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gI 145759 EndoVantage teamPhoto1w Innovative Medical Device Modeling Software Sparks Tech Startup
Tempe, Ariz. (PRWEB) July 17, 2014

A business startup formed to commercialize technology developed by an Arizona State University engineer and his students has won an Arizona Innovation Challenge award from the Arizona Commerce Authority (ACA), the state’s leading economic development agency.

Recipients of the award “represent innovative Arizona entrepreneurs who are creating technological solutions with the potential for global impact,” the ACA said.

The award brings the company, EndoVantage, a grant of $ 250,000 to support development of its business operations.

The venture is based on a novel software platform that simulates the effects of deploying small medical devices (stents, for example) into blood vessels, as well as simulating the resulting blood flow changes.

EndoVantage is one of six ventures to receive an Arizona Innovation Challenge award so far this year from among 135 applicants.

The startup was also recently selected to receive support from ASU’s Edson Student Entrepreneur Initiative – $ 20,000 in seed funding, along with office space and other resources at SkySong, The ASU Scottsdale Innovation Center, and mentoring from business experts.

In addition, the venture was accepted into IBM’s Softlayer Incubator, which is providing mentoring in software engineering and business-related services.

In 2013, EndoVantage received a $ 100,000 grant from the Center for Individualized Medicine at Mayo Clinic and the Office of Knowledge Enterprise Development at Arizona State University. The competition, which included 20 ASU and Mayo Clinic teams, was intended to promote personalized healthcare, the next frontier in patient-specific medicine.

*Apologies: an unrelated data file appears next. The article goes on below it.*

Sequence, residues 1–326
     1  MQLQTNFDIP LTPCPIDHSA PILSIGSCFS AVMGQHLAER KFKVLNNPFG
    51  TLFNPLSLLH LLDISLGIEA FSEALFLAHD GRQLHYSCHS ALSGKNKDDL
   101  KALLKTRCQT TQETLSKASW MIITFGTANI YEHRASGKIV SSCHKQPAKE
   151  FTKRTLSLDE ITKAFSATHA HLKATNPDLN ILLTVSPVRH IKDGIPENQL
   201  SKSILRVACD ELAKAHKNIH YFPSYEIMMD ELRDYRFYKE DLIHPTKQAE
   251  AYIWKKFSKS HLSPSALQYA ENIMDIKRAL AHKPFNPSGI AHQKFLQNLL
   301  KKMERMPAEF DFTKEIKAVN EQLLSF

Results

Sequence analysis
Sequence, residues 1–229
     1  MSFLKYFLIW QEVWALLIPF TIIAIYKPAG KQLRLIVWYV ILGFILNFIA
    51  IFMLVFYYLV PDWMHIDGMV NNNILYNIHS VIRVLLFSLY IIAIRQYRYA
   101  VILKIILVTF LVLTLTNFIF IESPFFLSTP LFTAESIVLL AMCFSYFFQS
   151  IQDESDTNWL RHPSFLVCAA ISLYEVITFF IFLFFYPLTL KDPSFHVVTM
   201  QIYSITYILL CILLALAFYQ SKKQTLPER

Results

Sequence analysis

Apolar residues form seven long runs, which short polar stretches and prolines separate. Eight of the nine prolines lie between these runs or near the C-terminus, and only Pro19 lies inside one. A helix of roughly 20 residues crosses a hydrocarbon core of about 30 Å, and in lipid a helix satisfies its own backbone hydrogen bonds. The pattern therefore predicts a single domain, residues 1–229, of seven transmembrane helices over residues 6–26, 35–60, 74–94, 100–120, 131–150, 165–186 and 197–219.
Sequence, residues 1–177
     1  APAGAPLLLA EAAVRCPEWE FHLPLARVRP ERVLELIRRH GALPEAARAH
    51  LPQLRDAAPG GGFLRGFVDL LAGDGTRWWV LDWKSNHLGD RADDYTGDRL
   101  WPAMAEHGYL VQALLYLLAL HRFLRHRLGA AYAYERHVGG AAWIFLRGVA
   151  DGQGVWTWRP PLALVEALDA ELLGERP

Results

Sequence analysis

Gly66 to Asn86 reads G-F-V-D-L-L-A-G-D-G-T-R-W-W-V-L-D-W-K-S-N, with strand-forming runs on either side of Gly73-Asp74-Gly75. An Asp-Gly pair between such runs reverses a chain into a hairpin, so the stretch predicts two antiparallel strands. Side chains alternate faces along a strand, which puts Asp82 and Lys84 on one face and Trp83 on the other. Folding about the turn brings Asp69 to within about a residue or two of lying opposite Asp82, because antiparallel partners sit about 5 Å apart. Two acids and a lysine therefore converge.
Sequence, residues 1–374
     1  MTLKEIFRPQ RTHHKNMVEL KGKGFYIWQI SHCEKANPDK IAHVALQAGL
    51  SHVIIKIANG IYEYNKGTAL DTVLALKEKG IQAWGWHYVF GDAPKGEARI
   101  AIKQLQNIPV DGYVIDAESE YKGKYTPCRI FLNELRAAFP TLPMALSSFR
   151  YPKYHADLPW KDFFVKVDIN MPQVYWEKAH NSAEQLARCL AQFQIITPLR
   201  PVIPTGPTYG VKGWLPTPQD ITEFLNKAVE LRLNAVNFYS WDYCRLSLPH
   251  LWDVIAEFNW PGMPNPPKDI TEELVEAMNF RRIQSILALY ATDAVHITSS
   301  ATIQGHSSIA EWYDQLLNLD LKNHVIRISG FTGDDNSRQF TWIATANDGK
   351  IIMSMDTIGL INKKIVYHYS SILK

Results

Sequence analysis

David Frakes and Haithem Babiker invented the EndoVantage technology platform in ASU’s Image Processing Applications Laboratory, with help from Brian Chong, a physician at Mayo Clinic Hospital in Phoenix.

Frakes is the chief science officer for EndoVantage. He is an associate professor in the School of Biological and Health Systems Engineering, and in the School of Electrical, Computer and Energy Engineering, two of ASU’s Ira A. Fulton Schools of Engineering.

Babiker is the chief technology officer. He is a postdoctoral research associate in the School of Biological and Health Systems Engineering.

Justin Ryan, a biomedical engineering doctoral student working in Frakes’ lab, is contributing to EndoVantage by providing 3-D virtual modeling of blood vessels.

With the EndoVantage platform, clinicians “now for the first time can design the optimal endovascular treatment strategy for each patient before surgery,” Frakes said. “This improves the quality of treatment and reduces costs.”

The technology will also enable medical device companies to perform virtual testing of medical devices in hundreds of different virtual patient anatomies. That capability will help improve product design and prevent product defects and other risks to patients, Frakes said.

“Ultimately, the EndoVantage technology will lead to better medical devices, and better use of those devices in the clinic to save patients’ lives,” he said.

The spinout of EndoVantage from ASU was facilitated by Arizona Technology Enterprises (AzTE), ASU’s technology transfer organization. AzTE has worked with Frakes’ team throughout the process from commercialization to startup and revenue generation.

Longtime Arizona healthcare entrepreneur Robert S. Green has joined the venture as president and chief executive officer. Green founded and operated six successful companies and is past president of the Arizona BioIndustry Association.

“ASU is on the leading edge of universities supporting research commercialization efforts by faculty,” Green said. “The support we have received from AzTE and the Entrepreneurship and Innovation Group has been critical to our success to date.”

Baltimore, Maryland (PRWEB) July 17, 2014

It’s safe to say that William “Randy’ Everett knows a few things about leadership.

He served 33 years in the United States Army and retired in 2008 as a Colonel. His career included 9 years in the elite Special Forces, with served deployments to Bosnia and Iraq. His final assignment prior to “retirement” involved engagement efforts with foreign countries, promoting democratic principles within military structures.    After his military service he leveraged his experience and training and currently teaches international business at Loyola University in Baltimore.